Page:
“Although renewable expansion has been going well in Fukushima, the 2040 target remains ambitious,” says Hiranuma, who believes that key issues include a need to improve grid infrastructure and the absence of clear and coordinated decarbonization and energy policies at the national level.
“Fukushima has huge open capacity on the electricity grid due to the decommissioning of its nuclear power plants, yet the local grid system is quite weak,” says Ohbayashi.
Poor electric grid infrastructure in areas with strong and consistent wind — like Hokkaido and the Tohoku region that Fukushima is a part of — will play a major role in holding back large-scale development of offshore wind power, which the Japanese government sees as the renewable energy source with the most potential.
The Manyo no Sato wind farm next to the Haramachi Thermal Power Station (behind), operated by Tohoku Electric and built in 1997. It burns a mixture of coal and biomass.
| Francesco Bassetti
Furthermore, Japan’s grid system has comparatively weak interregional coordination, which hinders surplus energy transmission.
“Enhancing the transmission system and connecting separate regions is the most important infrastructure issue that needs to be solved so that excess energy can be distributed according to where it is needed,” says Hiranuma.
However, incumbent utilities are not always willing to play ball.
“Before the (feed-in-tariff) induced solar boom, incumbent utilities would make the bulk of their profits by selling energy during peak times, when the cost of energy was at its highest,” says Ohbayashi. “However, with high levels of renewable energy penetration, peak demand can be covered with solar or other renewables, therefore eating into profits.”
Whereas up to 2010 incumbent utilities operated on the assumption that solar would simply help cover peak loads, its proliferation has forced them to reassess the role of renewables in the energy system.
“They underestimated the power of renewables to expand,” Ohbayashi says.
Yet, incumbent utilities are by no means defenseless. According to the Renewable Energy Institute, part of the feed-in-tariff program includes a rule that allows grid operators to enforce curtailment of renewable energy without prior warning or compensation for up to 30 days per facility per year. “This has left many companies questioning the profitability of investing in renewable energy projects in Japan,” Ohbayashi says.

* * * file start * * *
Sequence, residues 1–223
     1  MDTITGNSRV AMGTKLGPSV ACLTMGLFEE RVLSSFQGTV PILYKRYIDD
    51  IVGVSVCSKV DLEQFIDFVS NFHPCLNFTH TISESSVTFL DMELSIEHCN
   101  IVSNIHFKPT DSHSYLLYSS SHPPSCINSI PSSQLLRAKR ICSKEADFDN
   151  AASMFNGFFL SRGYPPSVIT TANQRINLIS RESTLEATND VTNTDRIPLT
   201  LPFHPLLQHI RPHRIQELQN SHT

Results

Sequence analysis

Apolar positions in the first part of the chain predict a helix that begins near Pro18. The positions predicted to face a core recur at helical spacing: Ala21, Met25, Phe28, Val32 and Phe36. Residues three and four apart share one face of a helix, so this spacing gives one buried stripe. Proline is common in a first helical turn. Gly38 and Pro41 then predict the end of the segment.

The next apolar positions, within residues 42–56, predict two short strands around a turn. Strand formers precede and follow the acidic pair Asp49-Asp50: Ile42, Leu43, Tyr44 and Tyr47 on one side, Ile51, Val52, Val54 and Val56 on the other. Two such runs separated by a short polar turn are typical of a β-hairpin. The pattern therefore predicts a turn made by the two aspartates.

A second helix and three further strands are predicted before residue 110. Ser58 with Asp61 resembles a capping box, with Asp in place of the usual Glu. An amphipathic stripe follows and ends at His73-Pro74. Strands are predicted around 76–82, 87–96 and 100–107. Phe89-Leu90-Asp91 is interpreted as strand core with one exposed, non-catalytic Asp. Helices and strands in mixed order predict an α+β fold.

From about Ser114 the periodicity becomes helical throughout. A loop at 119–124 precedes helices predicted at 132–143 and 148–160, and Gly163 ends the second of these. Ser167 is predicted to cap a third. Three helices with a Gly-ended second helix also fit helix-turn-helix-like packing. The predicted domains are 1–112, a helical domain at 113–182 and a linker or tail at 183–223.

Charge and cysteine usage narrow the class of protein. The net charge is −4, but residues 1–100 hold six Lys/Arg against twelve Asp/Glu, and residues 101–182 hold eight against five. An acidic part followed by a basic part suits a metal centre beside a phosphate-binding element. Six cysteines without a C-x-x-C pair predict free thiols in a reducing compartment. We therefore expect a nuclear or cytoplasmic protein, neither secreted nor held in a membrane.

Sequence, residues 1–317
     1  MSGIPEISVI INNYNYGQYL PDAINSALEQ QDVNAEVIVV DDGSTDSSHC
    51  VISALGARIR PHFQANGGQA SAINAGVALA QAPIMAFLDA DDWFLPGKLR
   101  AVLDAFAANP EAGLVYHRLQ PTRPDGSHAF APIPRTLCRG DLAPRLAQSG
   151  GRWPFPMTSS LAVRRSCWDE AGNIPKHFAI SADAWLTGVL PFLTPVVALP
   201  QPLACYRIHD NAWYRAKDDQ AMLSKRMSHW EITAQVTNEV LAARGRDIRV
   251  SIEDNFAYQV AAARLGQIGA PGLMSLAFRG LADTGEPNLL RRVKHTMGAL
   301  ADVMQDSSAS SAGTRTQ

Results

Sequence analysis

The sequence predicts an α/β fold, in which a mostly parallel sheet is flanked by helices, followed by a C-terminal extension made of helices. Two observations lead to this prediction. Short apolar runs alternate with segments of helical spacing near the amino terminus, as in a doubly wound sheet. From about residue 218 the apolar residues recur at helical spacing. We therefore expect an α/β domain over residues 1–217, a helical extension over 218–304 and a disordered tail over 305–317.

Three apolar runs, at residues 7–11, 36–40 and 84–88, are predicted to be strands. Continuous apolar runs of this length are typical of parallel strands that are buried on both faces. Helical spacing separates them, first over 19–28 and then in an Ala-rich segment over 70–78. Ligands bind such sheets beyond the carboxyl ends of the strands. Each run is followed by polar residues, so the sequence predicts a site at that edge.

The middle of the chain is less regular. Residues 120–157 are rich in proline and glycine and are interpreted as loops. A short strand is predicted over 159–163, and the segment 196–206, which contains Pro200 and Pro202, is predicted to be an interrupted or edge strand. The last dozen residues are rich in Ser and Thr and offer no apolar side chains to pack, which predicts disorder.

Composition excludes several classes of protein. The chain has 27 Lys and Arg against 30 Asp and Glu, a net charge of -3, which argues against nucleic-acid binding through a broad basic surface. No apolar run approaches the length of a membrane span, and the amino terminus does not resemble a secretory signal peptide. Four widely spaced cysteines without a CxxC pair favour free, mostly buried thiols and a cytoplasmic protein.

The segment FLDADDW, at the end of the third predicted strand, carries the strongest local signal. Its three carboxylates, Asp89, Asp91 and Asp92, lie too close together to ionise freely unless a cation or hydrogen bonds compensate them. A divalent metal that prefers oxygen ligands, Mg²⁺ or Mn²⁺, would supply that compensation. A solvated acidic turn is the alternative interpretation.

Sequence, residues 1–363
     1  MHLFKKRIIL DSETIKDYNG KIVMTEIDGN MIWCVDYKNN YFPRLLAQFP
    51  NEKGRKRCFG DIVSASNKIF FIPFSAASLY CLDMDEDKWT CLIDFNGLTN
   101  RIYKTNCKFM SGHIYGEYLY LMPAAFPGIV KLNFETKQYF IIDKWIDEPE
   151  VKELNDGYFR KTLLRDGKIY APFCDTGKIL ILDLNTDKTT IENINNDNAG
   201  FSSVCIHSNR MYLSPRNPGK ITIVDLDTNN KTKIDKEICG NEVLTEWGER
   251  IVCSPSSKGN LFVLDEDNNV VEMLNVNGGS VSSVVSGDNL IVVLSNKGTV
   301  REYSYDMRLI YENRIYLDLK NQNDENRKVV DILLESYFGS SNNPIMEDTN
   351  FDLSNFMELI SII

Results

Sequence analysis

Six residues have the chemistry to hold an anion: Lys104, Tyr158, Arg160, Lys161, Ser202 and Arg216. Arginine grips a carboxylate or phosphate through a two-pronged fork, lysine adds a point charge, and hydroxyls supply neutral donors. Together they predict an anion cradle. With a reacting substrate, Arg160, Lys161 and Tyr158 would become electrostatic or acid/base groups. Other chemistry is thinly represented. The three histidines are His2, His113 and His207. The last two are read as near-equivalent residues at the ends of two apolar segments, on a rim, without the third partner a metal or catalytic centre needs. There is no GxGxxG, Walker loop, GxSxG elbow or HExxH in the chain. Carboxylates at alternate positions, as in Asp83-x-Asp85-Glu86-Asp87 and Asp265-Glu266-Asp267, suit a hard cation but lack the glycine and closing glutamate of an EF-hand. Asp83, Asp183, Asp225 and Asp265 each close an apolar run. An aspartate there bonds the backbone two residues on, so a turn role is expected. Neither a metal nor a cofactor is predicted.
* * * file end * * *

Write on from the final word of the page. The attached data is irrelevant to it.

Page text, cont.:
Solar panels in Minamisoma. The plant’s panels, if laid out side by side, would cover 350 kilometers.
| Francesco Bassetti
Barriers to entry have been particularly pronounced for new wind projects. For example, Ohbayashi says, environmental assessment procedures for wind power are stricter than coal-fired power plants, and it currently takes eight years for new wind power projects to become operational.
“’By making access to the grid more difficult, the expansion of wind power has also been blocked,” says Ohbayashi.
Japan is also transitioning from the feed-in-tariff program to a feed-in-premium one, which has increased competition for new operators, making it more difficult for renewable energy developers to see guaranteed returns on their investments.
“In order to accelerate corporate investment in renewable energy, the central government needs to show a clear commitment to making renewable energy the mainstay,” says Hiranuma, who also sees the government’s rekindling of nuclear energy as a potential hindrance to renewables.
“It sends mixed messages about what source of energy they are betting on for a low-carbon future.”